By Jim Schutze
By Rachel Watts
By Lauren Drewes Daniels
By Anna Merlan
By Lee Escobedo
By Eric Nicholson
At the State Fair of Texas this year they're selling—I kid you not—deep-fried beer and margaritas.
There's nothing quite like Fair Park in October, with all its pig races and 52-foot talking mannequins and people of all shapes and sizes—well, mostly XXL—meandering down The Midway. And in college football for the last decade there hasn't been a rivalry quite as good as Texas-OU.
The Sooners and Longhorns are at it again this year, with OU putting an undefeated record and Top 10 ranking on the line Saturday at 2:30 p.m.
The game will have far-reaching implications and a magnetic allure. ESPN's College GameDay—with Chris Fowler, Lee Corso and Kirk Herbstreit—will set up shop outside the Cotton Bowl and its sellout crowd of 92,000. ABC will import "Big Game" Brent Musburger for its play-by-play. The matchup could very well add a classic chapter to the storied rivalry that has long been one of the best in college football, and all of sports.
Since 2000 the winner of this game has annually won the Big 12 Conference's South division and played for the national championship. OU won its title in '00 and Texas in '05. In a show of dominance lined with frustration, the Sooners and Longhorns also combined to lose the BCS' ultimate game in '03 (OU), '04 (OU), '08 (OU) and '09 (UT).
Bottom line: Since 2000, the winner of this game has played for the national championship six times.
Though highly touted Nebraska may have something to say about it in the Big 12 Championship Game in December, this season may be no different as OU enters with an unblemished season.
After an embarrassing 22-point home loss to UCLA, Texas is 3-1. Though the 'Horns lost Colt McCoy, Jordan Shipley, Sergio Kindle and Earl Thomas off last year's team that lost to Alabama in the title game, they are again loaded. Quarterback Garrett Gilbert has plenty of weapons in running backs Tre Newton and Fozzy Whittaker and receiver Mike Davis. Texas' defense, among the nation's stingiest—at least until the UCLA loss—is led by pass-rusher Jackson Jeffcoat, son of former Dallas Cowboys defensive lineman Jim.
The Sooners arrive 4-0 despite home scares by Utah State (seven points) and Air Force (three points) and last week's two-point escape at Cincinnati. Quarterback Landry Jones does his handing off to DeMarco Murray and the bulk of his throwing to talented receiver Ryan Broyles.
Last year's event—centered around an ugly 16-13 Texas win—was marred by ridiculously long delays on DART's Green Line to Fair Park. Fans from both Texas and OU grumbled, and don't think a certain billionaire down the street didn't notice.
Texas-OU is married to Dallas and the Cotton Bowl through 2015. After that, however, look for Dallas Cowboys owner Jerry Jones to incite a divorce.
With the Cotton Bowl's namesake game already played in Arlington's Cowboys Stadium, Texas-OU is undoubtedly Dallas' biggest sporting event. What else this side of the NBA All-Star Game and the Super Bowl could attract the likes of Billy Bob Thornton, Peyton Manning, Mark Cuban, Big Tex, LeeAnn Rimes, Roger Clemens, Fletcher and his corny dogs, fried everything and, of course, 104 years of Red River Rivalry history?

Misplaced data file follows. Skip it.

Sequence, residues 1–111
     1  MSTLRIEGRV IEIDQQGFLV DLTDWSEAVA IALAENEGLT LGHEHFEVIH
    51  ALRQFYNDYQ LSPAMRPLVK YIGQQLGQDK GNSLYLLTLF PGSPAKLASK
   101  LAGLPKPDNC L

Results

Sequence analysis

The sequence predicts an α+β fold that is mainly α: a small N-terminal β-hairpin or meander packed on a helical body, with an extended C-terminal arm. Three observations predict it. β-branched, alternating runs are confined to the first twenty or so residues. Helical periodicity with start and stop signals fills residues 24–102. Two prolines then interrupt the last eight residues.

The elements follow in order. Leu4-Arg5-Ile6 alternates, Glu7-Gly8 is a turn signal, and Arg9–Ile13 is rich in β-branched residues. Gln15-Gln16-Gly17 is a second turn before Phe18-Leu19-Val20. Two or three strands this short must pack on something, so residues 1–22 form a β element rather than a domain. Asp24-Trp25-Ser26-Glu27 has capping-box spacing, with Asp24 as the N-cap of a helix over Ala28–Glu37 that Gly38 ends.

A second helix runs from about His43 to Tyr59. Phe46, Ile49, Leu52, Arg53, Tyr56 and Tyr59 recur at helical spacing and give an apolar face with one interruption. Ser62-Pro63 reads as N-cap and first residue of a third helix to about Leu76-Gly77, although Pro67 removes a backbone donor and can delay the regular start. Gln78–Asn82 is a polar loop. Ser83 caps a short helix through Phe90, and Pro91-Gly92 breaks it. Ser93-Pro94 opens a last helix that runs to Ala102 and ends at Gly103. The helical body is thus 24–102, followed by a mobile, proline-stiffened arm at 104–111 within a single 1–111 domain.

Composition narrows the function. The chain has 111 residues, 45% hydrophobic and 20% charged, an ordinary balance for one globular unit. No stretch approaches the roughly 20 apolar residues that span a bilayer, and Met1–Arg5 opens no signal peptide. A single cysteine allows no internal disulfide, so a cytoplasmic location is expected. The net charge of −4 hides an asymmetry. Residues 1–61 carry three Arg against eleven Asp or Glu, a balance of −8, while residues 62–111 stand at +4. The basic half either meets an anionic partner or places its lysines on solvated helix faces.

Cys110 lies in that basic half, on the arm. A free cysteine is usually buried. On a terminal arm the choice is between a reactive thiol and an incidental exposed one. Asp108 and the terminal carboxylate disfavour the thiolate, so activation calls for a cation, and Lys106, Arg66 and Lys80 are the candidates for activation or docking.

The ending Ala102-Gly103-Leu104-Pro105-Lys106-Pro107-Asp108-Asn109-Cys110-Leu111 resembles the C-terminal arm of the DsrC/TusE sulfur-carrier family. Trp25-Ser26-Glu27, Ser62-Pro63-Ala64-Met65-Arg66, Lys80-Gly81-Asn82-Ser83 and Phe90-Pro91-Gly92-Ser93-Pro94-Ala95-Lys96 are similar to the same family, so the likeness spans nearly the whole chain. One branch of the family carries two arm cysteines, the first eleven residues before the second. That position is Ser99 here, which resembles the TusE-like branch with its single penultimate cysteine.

Actually, those two events were/are already in Tarrant County.
Sure enough, lurking in the periphery—like an art collector discreetly eyeing his next piece—is the looming shadow of Jones.
"Well, that would be great," the Cowboys owner said last year of hosting Texas-OU at $1.2 billion Cowboys Stadium in Arlington beginning in 2016. "We know the great tradition of that football game, and certainly we would want to have that game be an away game for both teams and a home game for both teams, and you can do that by having it at our stadium."
Though he wasn't referring directly to his wooing of Texas-OU, Jones recently described his baseline business strategy.
"Anything I've ever bought that was really successful," he said, "I overpaid for."
The Fair is a unique backdrop, the Cotton Bowl is certainly more manageable after its $57 million upgrade and Texas-OU is currently profitable, but we all know Texas athletic director DeLoss Dodds and Oklahoma AD Joe Castiglione would be fools not to at least entertain Jones' outlandish overtures.
While the football games have escalated in importance via Heisman Trophy winners, national championship teams and compelling games, the revelry of the rivalry has become diluted since the riotous days of the '70s and '80s. Back then Commerce Street was an up-and-down orgy of orange, red and open cans of beer. It was fights. Arrests. It was mattresses tossed out of hotel windows. It was—at 2 a.m.—human debris literally cleaned from the street by fire hoses and horseback police.
These days it's more private parties, hotel ballroom events and some orderly meandering through the West End. But a sure sign the game still has some recuperative powers: Friday night Texas-OU will even have the ghost town formerly known as Victory Park buzzing. Texas cheerleaders. The OU band. Dale Hansen and his WFAA/Channel 8 pre-game special.
Boomer Sooner vs. Texas Fight.
Crimson and Cream vs. Burnt Orange.
Bevo vs. The Boomer Schooner.
The rivalry, the quality and the implications may remain.
But sooner or later, the setting will change.
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